If you want to succeed in the global market, you need a strategy capable of capturing the essence of transformation in growth markets and generating brand velocity. Ogilvy recently launched a report called “Velocity 12”, which measures the speed of growth and change, as well as middle-class growth in terms of income. It also identifies the 12 new growth markets, and extracts consumer behaviour insights. The report features several perspectives that should be considered when forming marketing strategies, including: growth of female participation in the workforce, penetration of technology, and an increase in middle-class Muslim Futurists. (For more detail, please refer to “What Ogilvy’s ‘V12’ means for Japan”.
So how should a multinational company interact with these growth market consumers, in order to become a credible and loved brand? In an era where market structures are transforming at a greater speed than ever, two core marketing principles come to mind: “Brand Behaviour Principles” and “Omnichannel Principles.”
Brand Behaviour Principles
Brand Behaviour Principles reflect a brand that is embraced by society. To achieve this, a brand needs to define the values it wants to impart, and have conversations with consumers in rapidly changing markets. V12 consumers look for brands that do things that matter to them. Brands need to fully embrace the fact that they don’t create themselves; customers have significant impact on how brands are built, and brands cannot abstain from ongoing interaction. Realising this is one thing. Adapting to it requires a shift in thinking and behavior. That shift is called Behaviour Branding. Behavior Branding asks brands to do, not just say.
Omnichannel Principles address critical changes occurring in the V12 markets due to rapid evolution of technology and multiplication of platforms. Brands need to devise strategies to capitalise on opportunities made possible by technology and meet the expectations of consumers. Omnichannel Principles leverage key drivers of velocity, with a focus on mobility, ecommerce and data. Brands should look for “super fans” who expect a role in marketing activities. These “super fans” are highly motivated, deeply engaged in the digital community, and help to build interaction with brands today. Not only do they contribute to sales, but also influence other members within their community, and therefore activate motivations and behaviour that lead to purchase. According to many research reports, there is a stronger influence on consumers when platforms expand and function together.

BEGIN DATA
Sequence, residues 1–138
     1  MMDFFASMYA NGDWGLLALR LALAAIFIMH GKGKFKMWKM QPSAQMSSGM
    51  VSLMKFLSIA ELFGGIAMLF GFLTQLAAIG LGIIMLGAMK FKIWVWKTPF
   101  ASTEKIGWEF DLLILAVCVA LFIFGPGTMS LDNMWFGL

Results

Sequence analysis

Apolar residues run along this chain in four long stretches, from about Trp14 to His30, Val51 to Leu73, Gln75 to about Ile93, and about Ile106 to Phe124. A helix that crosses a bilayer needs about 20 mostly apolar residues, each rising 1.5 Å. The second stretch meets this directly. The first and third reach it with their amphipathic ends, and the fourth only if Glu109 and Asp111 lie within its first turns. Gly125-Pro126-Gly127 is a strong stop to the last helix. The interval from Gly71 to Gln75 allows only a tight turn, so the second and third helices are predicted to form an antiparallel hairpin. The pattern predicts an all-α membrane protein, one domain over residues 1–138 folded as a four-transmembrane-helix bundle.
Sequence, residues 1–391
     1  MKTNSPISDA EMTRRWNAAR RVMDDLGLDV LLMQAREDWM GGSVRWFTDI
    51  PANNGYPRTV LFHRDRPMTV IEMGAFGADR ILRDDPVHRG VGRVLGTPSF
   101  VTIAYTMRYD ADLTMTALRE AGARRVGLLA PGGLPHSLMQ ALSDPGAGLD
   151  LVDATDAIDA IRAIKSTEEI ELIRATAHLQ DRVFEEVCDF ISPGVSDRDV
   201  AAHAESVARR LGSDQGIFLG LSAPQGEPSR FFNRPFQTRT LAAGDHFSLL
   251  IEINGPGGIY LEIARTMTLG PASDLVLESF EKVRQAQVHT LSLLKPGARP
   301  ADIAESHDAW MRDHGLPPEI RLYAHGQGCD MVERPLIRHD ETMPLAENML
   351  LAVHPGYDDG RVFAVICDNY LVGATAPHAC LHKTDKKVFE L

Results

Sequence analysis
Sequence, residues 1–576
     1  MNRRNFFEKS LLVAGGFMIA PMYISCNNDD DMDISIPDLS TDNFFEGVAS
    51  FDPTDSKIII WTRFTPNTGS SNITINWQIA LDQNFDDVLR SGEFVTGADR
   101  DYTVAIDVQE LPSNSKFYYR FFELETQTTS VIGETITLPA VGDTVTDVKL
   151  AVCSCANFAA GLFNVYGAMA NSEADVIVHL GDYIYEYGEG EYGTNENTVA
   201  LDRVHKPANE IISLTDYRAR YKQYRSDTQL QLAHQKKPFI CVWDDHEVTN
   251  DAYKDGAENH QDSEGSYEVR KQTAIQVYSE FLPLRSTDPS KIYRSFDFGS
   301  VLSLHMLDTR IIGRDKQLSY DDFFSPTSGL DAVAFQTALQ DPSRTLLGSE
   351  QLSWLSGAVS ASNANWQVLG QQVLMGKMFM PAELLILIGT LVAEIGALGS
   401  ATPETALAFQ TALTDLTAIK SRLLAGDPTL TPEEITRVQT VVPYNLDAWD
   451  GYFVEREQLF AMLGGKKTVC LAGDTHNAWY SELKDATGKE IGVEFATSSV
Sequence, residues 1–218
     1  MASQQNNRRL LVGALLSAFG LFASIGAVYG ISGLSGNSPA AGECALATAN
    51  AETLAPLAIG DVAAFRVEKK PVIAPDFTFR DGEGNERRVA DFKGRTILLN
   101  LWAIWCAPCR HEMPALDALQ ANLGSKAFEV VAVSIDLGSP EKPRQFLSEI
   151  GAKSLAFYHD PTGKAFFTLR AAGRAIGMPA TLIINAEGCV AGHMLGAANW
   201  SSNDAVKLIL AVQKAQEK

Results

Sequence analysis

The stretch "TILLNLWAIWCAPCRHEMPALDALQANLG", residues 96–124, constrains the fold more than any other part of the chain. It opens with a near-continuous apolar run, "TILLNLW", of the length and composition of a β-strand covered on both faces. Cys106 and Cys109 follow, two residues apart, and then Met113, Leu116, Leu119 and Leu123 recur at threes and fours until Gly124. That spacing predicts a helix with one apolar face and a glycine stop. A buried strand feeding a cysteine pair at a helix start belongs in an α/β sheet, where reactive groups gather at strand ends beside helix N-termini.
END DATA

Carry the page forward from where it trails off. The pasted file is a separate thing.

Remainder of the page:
Lastly, succeeding in the next decade in the V12 will require new skills and a shift of mindset regarding the emerging markets, where the middle-class consumers are key. The rapid growth of middle-class consumers in global society is expected to continue until 2050. At a macro level, the future holds the promise of billions more consumers in the V12 markets of Asia, Africa, and Latin America, who will seek to fulfill their aspirations for a better life, particularly through leveraging technology and connectivity. In such an environment, both traditional and digital companies around the world are trying to transform their business models. Brands must be ready to evolve fast, or lose out in this ever-changing marketplace.
Naoko Ito is planning director at Ogilvy & Mather Japan
This article originally appeared on Campaign Japan: 明日から使える新たな成長市場の攻略法